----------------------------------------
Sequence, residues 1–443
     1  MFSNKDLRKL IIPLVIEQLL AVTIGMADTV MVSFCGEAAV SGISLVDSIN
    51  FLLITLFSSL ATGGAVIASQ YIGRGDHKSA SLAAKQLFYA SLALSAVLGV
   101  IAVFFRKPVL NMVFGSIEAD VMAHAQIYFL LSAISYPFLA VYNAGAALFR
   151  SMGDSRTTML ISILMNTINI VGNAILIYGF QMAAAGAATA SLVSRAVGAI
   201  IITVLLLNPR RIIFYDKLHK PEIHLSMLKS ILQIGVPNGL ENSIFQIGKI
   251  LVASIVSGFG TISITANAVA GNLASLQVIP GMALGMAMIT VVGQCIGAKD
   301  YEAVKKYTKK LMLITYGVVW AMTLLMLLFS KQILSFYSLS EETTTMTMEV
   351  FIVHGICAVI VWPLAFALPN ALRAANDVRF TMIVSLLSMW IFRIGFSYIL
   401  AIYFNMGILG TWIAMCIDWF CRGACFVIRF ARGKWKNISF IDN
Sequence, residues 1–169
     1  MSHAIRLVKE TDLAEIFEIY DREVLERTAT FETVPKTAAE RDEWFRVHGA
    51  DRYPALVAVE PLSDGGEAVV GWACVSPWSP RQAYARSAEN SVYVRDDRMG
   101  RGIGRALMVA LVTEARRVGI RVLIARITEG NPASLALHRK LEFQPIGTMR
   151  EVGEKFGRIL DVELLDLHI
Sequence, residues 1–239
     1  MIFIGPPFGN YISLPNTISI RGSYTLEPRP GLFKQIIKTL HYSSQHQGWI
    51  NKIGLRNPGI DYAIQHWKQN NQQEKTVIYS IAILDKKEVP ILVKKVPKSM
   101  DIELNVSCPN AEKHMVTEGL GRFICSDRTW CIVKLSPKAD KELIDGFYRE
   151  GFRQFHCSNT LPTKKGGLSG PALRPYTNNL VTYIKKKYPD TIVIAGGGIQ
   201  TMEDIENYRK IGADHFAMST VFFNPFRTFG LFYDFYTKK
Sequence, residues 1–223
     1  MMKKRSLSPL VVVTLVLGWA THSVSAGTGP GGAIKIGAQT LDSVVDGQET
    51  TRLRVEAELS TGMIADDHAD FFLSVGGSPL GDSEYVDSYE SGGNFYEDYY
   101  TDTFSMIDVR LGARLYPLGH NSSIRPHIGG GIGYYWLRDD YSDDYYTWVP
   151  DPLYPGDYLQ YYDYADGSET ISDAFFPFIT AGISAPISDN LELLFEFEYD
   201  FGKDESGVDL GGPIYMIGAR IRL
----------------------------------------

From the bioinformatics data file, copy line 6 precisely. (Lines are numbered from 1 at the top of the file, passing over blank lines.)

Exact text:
   201  IITVLLLNPR RIIFYDKLHK PEIHLSMLKS ILQIGVPNGL ENSIFQIGKI